Debt Limit Increase Approved In Senate Vote

WASHINGTON -- The U.S. Senate voted Thursday to pass a short-term suspension of the debt limit, warding off another showdown over raising the nation's borrowing limit and turning its attention to two more looming fiscal deadlines: deep sequestration-related cuts and funding for the federal government.

The legislation passed the upper chamber by a vote count of 64 to 34, and will raise the debt ceiling by however many bills the government racks up over the next 90 days. The Senate also rejected a series of amendments that would have attached conditions to the bill, such as pairing the debt limit hike with dollar-for-dollar spending cuts and prioritizing how the government pays its bills.

The bill contains one caveat, a provision introduced by the House GOP that would force the Senate to write a budget by withholding lawmakers' pay if they fail to pass a spending resolution. Senate Budget Chairman Patty Murray (D-Wash.) said her committee planned to draft a budget this year anyway.

But while lawmakers expressed optimism that the debt ceiling deal would enable the country to meet its financial obligations until at least May 19, there was little hope for an agreement over how to deal with the next fiscal issue -- $1.2 trillion of sequestration-related cuts that will automatically kick in on March 1.

"I think the sequester is going to happen," said Sen. Mike Johanns (R-Neb.). "I'm not sure anybody is really saying at the moment -- here's an idea that holds us back. It looks to me like we're headed in that direction."

The fiscal cliff deal delayed the sequester by a period of two months and reduced its first-year impact from $109 billion to $85 billion, but the consequences remain both dire and unpopular among members on both sides of the aisle.

HuffPost reported Wednesday on the implications of the sequester taking effect for both defense and domestic spending, writing that as it stands, modified sequestration this year will slice discretionary defense spending by 7.3 percent and discretionary non-defense spending by 5.1 percent, along with a 2-percent cut to Medicare. The non-defense cuts will likely hit community development and housing assistance, states' education grants and a number of federal agencies. Some initiatives, such as Social Security, Medicaid, food stamps and children's health insurance, are exempt.

Johanns argued that switching gears from Thursday's debt ceiling vote to the impending sequester is all too routine for a Congress that specializes in crisis governance.

"In the four years I've been here, it seems like we kind of careen from crisis to crisis -- debt ceiling to fiscal cliff to continuing resolution," Johanns said. "But I think the problem is, personally, we've got to get back into the routine of doing budgets and regular process, where these things can be fleshed out and we can anticipate problems and try to solve them."

Sen. Ron Wyden (D-Ore.) had his own way of describing the constant shifting of attention from one fiscal deadline to the next. "I call them rolling fiscal cliffs," he told HuffPost.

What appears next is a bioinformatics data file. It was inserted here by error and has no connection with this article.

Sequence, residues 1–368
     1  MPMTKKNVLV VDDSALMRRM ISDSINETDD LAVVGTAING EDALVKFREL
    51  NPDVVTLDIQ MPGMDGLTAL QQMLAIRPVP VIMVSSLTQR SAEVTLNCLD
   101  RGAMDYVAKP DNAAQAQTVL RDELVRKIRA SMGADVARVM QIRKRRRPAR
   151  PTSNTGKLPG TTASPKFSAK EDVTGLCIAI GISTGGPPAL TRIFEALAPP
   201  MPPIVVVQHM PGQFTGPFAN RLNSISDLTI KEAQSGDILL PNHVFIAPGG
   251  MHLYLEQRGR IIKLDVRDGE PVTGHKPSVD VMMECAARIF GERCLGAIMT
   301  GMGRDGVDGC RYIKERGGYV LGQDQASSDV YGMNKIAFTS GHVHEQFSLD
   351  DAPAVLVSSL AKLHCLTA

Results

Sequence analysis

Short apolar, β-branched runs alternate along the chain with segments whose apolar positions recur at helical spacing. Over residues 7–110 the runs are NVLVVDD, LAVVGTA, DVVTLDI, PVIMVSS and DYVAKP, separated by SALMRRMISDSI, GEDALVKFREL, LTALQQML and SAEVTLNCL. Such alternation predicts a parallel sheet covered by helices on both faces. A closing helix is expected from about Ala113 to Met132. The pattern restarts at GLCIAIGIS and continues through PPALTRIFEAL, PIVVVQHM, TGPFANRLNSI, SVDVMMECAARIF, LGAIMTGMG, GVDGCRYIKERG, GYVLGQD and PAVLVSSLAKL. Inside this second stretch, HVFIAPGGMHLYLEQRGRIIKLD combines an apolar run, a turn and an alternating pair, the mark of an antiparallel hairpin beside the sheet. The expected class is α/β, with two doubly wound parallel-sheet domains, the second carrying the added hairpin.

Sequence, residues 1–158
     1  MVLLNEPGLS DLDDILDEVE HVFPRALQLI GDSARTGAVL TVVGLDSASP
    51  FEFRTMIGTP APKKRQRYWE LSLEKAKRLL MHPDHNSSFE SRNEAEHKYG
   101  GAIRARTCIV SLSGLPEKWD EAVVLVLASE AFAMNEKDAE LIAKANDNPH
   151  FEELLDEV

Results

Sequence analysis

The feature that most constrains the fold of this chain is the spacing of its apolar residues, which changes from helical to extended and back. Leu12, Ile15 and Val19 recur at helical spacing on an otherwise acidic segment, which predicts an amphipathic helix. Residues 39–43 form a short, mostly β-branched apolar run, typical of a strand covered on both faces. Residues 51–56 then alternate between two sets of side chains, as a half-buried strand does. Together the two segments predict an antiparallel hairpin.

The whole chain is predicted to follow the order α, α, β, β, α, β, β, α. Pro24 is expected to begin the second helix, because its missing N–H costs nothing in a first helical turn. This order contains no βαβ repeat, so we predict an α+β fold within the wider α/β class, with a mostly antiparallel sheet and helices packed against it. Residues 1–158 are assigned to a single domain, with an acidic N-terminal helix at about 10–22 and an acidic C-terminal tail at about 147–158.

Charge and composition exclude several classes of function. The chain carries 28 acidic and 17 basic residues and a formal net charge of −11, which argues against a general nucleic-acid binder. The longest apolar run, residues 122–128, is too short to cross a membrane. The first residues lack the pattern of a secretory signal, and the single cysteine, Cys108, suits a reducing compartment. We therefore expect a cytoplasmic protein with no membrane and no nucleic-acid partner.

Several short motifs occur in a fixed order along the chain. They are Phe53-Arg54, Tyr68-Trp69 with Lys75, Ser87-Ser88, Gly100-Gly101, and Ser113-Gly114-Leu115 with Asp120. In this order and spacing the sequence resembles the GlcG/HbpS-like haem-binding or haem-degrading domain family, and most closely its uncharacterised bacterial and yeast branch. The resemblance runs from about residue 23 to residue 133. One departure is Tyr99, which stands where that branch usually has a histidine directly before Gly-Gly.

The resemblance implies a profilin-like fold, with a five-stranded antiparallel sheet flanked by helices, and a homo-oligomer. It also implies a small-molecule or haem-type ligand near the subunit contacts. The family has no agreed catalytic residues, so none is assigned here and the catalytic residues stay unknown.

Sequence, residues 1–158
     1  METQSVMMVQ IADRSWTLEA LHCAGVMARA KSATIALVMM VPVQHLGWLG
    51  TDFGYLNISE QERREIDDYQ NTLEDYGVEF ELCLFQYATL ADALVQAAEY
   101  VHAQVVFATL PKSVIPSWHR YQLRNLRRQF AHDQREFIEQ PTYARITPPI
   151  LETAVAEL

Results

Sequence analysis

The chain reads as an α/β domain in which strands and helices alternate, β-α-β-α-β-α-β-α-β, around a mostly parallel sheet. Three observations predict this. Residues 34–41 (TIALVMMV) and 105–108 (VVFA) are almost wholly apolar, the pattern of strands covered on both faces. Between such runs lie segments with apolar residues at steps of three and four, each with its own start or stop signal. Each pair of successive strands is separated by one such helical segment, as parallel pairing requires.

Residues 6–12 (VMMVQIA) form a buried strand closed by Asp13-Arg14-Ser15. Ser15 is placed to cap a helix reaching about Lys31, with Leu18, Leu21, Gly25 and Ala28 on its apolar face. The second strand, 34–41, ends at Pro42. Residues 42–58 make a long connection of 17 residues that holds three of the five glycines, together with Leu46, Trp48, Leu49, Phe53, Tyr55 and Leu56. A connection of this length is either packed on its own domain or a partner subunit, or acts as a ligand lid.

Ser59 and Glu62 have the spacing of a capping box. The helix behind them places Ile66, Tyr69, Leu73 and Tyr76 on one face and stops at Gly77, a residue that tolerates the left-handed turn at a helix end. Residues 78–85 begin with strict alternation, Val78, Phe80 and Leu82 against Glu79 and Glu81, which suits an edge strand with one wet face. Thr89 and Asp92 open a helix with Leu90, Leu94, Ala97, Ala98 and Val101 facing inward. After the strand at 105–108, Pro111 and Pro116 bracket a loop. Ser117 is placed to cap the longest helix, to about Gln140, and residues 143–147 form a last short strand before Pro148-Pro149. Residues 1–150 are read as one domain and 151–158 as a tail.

The Oregon senator said the short-term agreement on the debt ceiling was a sign that issues could be dealt with in a bipartisan way. He added that he wasn't quite ready to give up on the sequester, but conceded that it might be too late to draw up alternatives that both parties can agree to.

"People understand particularly with sequestration on hand that the time is short," Wyden said. [But] clearly people look at the consequences of sequestration [and] putting government on automatic pilot … there are people that are going to get hurt that the American people don't want to see get hurt."

White House press secretary Jay Carney told reporters on Wednesday that the administration has an alternative "balanced" plan that couples spending cuts with revenue raisers and could be used to replace the sequester. But Senate Republicans echoed their colleagues in the House of Representatives by arguing that the lower chamber already voted on a substitute bill for sequestration that could just as easily be taken up by Senate Democrats.

"The House has been responsible -- this body hasn't," said Sen. Ron Johnson (R-Wisc.). "[But] I've actually seen how dysfunctional the Senate can be, so I'm not optimistic."

Johnson added that the purpose of the debt ceiling vote was to stave off another crisis, thereby allowing Congress to at least have a debate on sequestration and then determine how to tackle the expiration of the continuing resolution on March 27. But he called on President Barack Obama to lead the way on yielding a long-term solution that addresses the debt and deficit.

"Ask the president, ask the Democrats," Johnson said. "[The House] has passed budgets -- I voted for them. Are they perfect solutions? No. You'll never agree with everything, but we actually have put our vote to a plan. We've been willing to be held accountable."

UPDATE: 4:30 p.m. -- Shortly after the measure passed, House Speaker John Boehner (R-Ohio) issued a statement reiterating the need for the Senate to pass a budget.

"It shouldn't have taken legislative action by the House to force the Democratic majority in the Senate to do its job -- but after nearly four years of inaction on a budget by Senate Democrats, that's what it came to," Boehner wrote. "Because of the efforts of House Republicans, Senate Democrats are now required to do their job for the American people and pass a budget, or lose their pay. Now Senate Democrats should take the task seriously and present a plan that balances the budget and responsibly addresses the government's spending problem."

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